PancakeBot Delivers Obama Grandma Slippers

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PancakeBot Delivers Obama Grandma Slippers
Jens Dyvik gives the original “Grandson Slippers” to Granny Obama with the laser etched image of her step grandson, President Barak Obama / photos via Fellesverkstedet and Jens Dyvik.

How the “Obama Grandma Slippers” came to the White House

The story of how the “Obama Grandma Slippers” came to the White House is a global maker tapestry, its threads woven by world travelers eager to share their knowledge and designs to enable others to create their own products.

The “Grandma Slippers” that were brought to the White House. Designed by Naoki Fujimoto at FabLab Kamakura in Japan, customized in AROFabLab Kenya for Sarah Obama and re-mixed at Fellesverkstedet for Barack Obama.

Our story begins a few years back in Kamakura Japan, where Naoki Fujimoto created the KULUSKA leather slipper, adapting traditional leather working techniques to the laser cutter. Fujimoto shared the design (there’s a parametric app) and Jens Dyvik (of the parametric layer chair and lasercut hexacoptor) took it with him on his worldwide “Fab Lab Tour,” spawning variations as it circled the globe.

Laser cutting and Assembling KULUSKA leather slippers

In the trailer below for the 2013 documentary “Making Living Sharing,” Jens gives a custom pair of KULUSKA slippers to Sarah Onyango Obama with a laser engraved image of her step grandson, President Obama, created while working AROFabLab Kenya.
YouTube player

The Fab Meta Granny Slippers

To celebrate the U.S. National Day of Making and the White House Maker Faire, members of the Oslo FabLab made a special present for the President. They adapted the “Grandson Slippers” design to make “Grandma Slippers” for President Obama. The shoes feature an engraved image of Sarah Onyango Obama, etched from a photo taken when she received the “Grandson Slippers.” ObamaGrandmaMontage2

Enter the PancakeBot Crew

Presidential Pancake Portrait!

Miguel Valenzuela, the self-proclaimed “Mexican Viking,” had been invited to the White House Maker Faire to show his PancakeBot, which he prototyped in the Oslo FabLab (aka Fellesverkstedet). So the Fellesverkstedet crew shipped our slipper surprise for the President with Miguel, who is a U.S. citizen. During the excitement of the White House Maker Faire, Miguel was unable to leave the PancakeBot, which was busily sketching Presidential portraits. So he emailed the MIT Mobile Fab Lab crew and enlisted the help of Neil Gershenfeld (also present at the White House Maker Faire) to hand off the slippers. His request reads as a maker poem (line breaks in original email):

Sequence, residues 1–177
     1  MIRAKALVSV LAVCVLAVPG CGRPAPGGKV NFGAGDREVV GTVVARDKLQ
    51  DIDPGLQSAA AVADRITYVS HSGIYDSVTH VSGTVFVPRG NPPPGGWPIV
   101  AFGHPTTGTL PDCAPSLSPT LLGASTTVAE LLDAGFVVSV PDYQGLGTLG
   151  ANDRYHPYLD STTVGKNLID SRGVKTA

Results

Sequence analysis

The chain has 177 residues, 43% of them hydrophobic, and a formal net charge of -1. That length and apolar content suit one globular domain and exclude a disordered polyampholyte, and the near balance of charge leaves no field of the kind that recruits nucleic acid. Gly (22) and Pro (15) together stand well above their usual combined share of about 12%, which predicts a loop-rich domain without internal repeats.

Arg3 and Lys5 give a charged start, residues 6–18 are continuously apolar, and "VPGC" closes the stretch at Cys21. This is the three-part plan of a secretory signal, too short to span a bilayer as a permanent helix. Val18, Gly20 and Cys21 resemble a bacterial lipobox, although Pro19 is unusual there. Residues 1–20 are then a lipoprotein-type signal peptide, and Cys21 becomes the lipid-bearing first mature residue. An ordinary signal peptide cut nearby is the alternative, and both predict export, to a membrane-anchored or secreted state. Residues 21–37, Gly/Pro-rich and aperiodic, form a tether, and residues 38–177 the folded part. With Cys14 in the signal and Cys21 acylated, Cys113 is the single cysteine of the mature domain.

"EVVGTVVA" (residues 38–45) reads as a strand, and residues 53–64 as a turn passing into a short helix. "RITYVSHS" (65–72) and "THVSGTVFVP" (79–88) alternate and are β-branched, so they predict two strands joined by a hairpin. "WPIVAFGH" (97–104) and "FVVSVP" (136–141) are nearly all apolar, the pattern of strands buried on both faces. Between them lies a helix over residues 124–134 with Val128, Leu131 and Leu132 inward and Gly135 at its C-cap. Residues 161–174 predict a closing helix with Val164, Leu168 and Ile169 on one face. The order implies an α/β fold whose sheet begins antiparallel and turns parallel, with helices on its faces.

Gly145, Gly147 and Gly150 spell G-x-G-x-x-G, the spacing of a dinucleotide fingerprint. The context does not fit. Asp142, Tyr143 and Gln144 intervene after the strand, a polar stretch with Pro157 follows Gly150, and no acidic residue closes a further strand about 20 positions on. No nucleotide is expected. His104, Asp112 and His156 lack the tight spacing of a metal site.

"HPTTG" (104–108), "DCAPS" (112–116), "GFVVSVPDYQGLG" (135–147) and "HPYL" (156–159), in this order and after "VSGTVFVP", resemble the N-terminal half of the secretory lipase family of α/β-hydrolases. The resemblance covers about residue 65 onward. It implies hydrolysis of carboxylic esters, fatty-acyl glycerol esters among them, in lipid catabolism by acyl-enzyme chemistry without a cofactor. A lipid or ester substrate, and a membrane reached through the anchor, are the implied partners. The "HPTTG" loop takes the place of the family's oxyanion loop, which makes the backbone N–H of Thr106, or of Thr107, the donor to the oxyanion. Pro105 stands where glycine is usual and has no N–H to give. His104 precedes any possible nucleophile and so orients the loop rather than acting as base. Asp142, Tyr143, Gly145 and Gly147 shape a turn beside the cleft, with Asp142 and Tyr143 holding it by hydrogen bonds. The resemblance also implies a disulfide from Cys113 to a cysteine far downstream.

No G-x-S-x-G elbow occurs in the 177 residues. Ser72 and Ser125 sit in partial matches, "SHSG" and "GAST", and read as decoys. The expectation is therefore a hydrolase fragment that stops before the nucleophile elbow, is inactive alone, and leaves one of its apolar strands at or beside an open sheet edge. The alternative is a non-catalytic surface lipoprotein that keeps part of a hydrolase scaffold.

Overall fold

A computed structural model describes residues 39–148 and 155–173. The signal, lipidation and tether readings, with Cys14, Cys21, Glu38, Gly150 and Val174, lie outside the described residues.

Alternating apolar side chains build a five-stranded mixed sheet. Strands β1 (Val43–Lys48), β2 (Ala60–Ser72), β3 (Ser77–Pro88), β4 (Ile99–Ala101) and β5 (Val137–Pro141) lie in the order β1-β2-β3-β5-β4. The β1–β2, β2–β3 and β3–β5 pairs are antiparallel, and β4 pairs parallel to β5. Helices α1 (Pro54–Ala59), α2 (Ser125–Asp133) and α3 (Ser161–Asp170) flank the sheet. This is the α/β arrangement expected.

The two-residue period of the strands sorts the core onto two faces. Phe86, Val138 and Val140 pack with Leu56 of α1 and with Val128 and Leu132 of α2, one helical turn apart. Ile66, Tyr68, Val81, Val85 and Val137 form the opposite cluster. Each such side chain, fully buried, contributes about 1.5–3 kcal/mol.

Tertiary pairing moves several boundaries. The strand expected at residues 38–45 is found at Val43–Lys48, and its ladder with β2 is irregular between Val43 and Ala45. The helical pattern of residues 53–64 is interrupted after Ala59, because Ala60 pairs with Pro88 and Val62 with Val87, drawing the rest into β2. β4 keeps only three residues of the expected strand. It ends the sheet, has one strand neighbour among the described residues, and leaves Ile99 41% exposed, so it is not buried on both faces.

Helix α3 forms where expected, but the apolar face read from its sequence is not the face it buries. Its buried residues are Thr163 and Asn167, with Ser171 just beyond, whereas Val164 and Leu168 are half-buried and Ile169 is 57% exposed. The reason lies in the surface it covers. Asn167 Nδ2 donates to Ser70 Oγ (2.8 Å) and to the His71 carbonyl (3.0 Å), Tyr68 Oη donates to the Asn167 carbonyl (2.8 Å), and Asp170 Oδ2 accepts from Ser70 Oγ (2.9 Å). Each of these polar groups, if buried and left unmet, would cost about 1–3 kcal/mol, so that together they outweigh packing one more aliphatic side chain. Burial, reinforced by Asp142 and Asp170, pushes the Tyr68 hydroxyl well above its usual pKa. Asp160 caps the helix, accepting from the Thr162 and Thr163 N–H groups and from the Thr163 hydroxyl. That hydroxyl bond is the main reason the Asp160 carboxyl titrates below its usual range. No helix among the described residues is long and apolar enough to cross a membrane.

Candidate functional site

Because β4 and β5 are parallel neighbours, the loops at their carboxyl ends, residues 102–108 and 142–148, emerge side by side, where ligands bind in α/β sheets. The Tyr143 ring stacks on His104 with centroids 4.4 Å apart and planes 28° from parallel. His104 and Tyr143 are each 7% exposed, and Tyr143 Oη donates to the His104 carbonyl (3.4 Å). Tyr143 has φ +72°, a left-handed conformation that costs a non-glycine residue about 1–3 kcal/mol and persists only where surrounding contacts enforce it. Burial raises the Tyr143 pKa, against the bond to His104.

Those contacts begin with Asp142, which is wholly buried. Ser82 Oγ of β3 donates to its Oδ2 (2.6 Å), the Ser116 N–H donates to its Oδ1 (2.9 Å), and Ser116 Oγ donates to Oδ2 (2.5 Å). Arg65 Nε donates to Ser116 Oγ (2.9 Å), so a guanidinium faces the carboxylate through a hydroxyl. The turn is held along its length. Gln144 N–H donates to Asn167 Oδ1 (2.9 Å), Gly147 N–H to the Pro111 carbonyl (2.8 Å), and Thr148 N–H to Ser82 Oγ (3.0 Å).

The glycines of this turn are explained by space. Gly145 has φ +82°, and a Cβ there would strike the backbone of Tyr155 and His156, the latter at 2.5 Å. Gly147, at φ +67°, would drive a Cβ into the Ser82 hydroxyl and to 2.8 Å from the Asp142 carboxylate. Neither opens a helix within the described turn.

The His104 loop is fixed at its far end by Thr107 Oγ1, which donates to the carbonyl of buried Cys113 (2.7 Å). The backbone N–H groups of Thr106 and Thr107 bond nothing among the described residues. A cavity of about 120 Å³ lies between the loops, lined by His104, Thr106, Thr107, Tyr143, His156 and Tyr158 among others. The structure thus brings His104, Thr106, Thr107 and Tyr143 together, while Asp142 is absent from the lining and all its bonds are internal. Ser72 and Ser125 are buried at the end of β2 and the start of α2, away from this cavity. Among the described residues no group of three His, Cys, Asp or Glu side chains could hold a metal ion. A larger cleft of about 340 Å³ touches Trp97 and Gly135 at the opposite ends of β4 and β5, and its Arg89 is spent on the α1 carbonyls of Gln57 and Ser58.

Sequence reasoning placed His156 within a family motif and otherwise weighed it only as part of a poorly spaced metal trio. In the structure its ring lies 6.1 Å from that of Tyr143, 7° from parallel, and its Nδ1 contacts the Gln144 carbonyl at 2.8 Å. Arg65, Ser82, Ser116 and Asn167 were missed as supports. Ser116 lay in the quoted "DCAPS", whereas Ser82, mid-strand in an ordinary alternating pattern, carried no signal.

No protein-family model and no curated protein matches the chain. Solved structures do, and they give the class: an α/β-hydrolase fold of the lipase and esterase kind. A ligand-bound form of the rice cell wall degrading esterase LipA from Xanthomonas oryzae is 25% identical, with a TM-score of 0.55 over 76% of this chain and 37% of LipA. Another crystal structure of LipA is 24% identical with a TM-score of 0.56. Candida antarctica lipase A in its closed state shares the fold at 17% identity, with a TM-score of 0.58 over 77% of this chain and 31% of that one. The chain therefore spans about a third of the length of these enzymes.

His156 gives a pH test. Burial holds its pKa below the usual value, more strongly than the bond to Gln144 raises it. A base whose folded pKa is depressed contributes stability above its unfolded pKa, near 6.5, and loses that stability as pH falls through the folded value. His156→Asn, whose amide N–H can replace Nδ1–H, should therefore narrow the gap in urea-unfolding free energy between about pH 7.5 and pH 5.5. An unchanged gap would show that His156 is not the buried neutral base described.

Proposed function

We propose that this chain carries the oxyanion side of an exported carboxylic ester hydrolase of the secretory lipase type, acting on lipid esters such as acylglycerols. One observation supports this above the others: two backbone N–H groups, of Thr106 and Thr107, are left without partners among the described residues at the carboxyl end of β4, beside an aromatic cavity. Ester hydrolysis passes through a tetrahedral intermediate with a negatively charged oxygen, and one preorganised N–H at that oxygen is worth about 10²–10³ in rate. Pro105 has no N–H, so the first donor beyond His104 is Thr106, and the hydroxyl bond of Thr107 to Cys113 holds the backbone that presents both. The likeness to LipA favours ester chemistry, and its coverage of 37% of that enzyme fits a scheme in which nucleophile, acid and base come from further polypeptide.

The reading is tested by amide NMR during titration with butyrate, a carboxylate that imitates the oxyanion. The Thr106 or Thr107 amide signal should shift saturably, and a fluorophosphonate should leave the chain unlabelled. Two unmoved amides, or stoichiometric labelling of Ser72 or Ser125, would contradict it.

Hi Neil, that would be great if I could hand off the slippers to you.
I am in the hall downstairs.
Just follow the pancake smell.
Slippers are at the white house
– Miguel Valenzuela
Miguel and Bill Nye
Miguel and Bill Nye making pancakes at the White House

Obama’s administration accepted the slippers as a gift and I hope Barrack is already wearing them.  I asked Neil Gershenfeld afterwards how the President reacted. Gershenfeld said, “He was quite pleasantly surprised to see them. Protocol is you don’t give things to him, but I did leave them with his staff afterwards.” 980E

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Anna Kaziunas France is interested practical digital fabrication focused project documentation (anything that turns codes into things), as well as adventures in synthetic biology, biohacking, personal genomics and programmable materials.

She's currently working on the forthcoming book "Design for CNC: Practical Joinery Techniques, Projects, and Tips for CNC-routed Furniture".

She’s also the Academic Dean of the global Fab Academy program, the co-author of Getting Started with MakerBot and compiled the Make: 3D Printing book.

Formerly, she worked as an editor for Make: Books, was digital fabrication editor and skill builder section editor for Make: Magazine, and directed Make:'s 2015 and 2014 3D Printer Shootout testing events.

She likes things that are computer-controlled, parametric, and open— preferably all three.

Find her on her personal site, Twitter and Facebook.

View more articles by Anna Kaziunas France


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